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GP vs Euro Paddles

A comment on names first.

Greenland paddle (GP) – is the light, narrow bladed, with a symmetrical foil shaped cross-section blade, unfeathered, “stick”, seen used by some grey bearded paddlers.

Euro – has short, flat or near flat blades, usually feathered, often heavy, paddle used by most other paddlers.

Wing – the paddle of choice for racing. It is also quite common amongst touring sea kayakers. It’s cross section is foil shaped like the wing of an aircraft though they are usually simply undercambered meaning open on the under side where an aircraft’s wing will be filled in on the under side.

Weights – generally paddles used by most paddlers run about 800 – 1000 grm. A GP can be anywhere from 700 – 1000 grm. If you use a carbon fibred version of either, then the weights will be less and the cost will be higher.

Myths surrounding the GP –

It is heavy

It is inefficient

A paddle needs to be feathered

Answers to these myths are –

Weight – they can be as light or lighter than a Wing or Euro.

Efficiency – they are a Wing paddleand as we know, all “serious” (racing) paddlers use a Wing. They are also buoyant. This means that they weigh nothing once in the water during the power stroke. They will act as an outrigger when stopped or resting up. They might provide enough lift to save rigging a paddle float when doing a paddle float type rescue. And if desperate, you could brew a cup of coffee by burning one. With that number of pluses it has to be the most efficient.

Feather angle – many paddlers, WW as well as sea and racing are moving towards lower feather angles such that one wonders why have any at all. With a tail wind an unfeathered gives maximum aid. Beam on to the wind there is minimum tipping effect and head on to the wind, your body is the major windage item, the GP adding little to the overall drag.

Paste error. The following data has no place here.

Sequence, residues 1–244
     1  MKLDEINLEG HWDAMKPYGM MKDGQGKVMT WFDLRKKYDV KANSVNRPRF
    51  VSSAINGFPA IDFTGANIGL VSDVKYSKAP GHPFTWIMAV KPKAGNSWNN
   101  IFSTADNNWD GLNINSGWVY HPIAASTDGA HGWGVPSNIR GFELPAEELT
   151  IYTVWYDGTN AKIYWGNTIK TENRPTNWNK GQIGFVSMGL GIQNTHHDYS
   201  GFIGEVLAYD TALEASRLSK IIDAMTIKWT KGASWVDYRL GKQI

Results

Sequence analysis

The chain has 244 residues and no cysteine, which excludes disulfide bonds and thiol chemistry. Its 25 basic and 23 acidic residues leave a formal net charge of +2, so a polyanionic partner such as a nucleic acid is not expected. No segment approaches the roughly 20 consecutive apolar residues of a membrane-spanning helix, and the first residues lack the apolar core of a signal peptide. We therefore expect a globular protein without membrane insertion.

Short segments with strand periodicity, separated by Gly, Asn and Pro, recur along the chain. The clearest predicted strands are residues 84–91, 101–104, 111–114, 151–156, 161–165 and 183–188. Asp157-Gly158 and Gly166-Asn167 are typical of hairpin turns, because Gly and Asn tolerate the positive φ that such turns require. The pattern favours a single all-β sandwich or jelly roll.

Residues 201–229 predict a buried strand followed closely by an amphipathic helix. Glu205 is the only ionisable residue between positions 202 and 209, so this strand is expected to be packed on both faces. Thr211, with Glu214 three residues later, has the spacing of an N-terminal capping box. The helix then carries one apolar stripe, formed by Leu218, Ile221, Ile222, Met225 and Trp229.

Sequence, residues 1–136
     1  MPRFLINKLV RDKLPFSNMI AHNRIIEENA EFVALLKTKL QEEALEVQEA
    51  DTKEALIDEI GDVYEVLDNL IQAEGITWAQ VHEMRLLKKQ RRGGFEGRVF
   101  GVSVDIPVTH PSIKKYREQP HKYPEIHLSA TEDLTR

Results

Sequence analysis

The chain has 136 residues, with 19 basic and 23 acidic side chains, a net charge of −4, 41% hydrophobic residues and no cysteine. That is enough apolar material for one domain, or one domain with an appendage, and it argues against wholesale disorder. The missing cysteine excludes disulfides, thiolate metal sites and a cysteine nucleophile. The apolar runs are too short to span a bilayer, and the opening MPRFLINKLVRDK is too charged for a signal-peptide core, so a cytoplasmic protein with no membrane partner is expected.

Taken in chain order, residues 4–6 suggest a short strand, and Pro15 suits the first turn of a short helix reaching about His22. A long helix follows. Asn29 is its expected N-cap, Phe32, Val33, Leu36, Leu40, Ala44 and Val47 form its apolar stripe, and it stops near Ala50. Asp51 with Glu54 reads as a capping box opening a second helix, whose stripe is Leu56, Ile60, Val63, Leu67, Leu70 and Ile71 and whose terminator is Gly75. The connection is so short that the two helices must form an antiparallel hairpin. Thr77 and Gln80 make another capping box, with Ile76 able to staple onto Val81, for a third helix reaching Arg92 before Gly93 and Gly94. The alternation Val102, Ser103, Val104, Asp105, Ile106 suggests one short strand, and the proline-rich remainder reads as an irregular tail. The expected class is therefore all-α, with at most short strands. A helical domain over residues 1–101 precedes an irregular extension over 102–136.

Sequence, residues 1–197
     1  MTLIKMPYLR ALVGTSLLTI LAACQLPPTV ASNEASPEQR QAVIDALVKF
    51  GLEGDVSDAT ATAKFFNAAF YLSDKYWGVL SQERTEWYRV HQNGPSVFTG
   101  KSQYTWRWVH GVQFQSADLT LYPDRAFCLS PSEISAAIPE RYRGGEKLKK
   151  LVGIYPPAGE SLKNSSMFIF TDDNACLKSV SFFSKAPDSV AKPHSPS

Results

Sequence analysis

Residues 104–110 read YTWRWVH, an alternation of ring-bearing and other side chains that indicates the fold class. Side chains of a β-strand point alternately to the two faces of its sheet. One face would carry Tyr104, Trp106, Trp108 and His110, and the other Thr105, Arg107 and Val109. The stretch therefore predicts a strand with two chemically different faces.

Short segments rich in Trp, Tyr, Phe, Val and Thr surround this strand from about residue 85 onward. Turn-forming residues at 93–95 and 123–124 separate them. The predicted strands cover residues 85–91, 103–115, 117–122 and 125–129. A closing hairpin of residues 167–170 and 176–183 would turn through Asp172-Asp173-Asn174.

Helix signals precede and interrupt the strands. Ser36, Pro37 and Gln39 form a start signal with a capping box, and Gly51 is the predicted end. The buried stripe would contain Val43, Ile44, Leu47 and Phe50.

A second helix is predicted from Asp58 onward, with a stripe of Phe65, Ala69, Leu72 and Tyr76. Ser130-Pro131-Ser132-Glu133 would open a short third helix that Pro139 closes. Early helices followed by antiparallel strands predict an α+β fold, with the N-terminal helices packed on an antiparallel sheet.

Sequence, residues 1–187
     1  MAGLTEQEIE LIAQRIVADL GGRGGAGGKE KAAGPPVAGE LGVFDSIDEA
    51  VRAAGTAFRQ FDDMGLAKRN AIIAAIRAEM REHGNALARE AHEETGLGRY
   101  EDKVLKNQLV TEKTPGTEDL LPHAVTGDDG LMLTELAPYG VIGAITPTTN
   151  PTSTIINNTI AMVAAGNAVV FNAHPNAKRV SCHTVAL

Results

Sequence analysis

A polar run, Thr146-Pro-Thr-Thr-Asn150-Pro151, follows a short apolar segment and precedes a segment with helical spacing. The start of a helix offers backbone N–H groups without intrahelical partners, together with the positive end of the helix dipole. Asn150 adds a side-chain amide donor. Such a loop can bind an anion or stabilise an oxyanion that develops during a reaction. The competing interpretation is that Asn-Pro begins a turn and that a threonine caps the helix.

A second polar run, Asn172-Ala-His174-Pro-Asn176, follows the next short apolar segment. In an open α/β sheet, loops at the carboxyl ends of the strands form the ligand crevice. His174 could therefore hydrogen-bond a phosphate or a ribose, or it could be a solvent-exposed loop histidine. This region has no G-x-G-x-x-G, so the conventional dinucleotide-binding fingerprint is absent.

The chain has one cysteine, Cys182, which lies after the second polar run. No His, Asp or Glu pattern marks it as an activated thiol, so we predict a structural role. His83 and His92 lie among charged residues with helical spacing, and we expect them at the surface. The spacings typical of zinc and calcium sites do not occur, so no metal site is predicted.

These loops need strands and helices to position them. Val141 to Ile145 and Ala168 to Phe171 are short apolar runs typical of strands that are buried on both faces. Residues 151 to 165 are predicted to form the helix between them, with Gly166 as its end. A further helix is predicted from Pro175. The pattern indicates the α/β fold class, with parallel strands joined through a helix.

Added to all of this is that being symmetrical foils they can be used for push or pull support strokes and work equally well what ever you do with them. They are like a Wing paddle but don’t have the vicious tendencies that a Wing displays if used badly. However, being a Wing they do need to be used like one, the blade moves away from the kayak’s hull during the stroke so that the water is moving off one edge and the leading edge, the one away from the hull, needs to be angled forward of the trailing (hull side) edge. This gives “lift”, lift in the direction the paddler is moving. If pulled straight back they will flutter due to the water coming off alternate edges. Do this with a Wing and it will most likely dive under the kayak taking you with it.

Is a GP the way you should go?

Not necessarily, it all depends. If you are happy with what you use stay with it unless you actually want to try something different.

Is it easy to use?

Yes but it will take time to get the best out of it. Some say you need to paddle for 6 weeks to get used to a Wing paddle. I’d say it doesn’t take as long but then again, the more you use either the more proficient you will get.

How do you size a GP?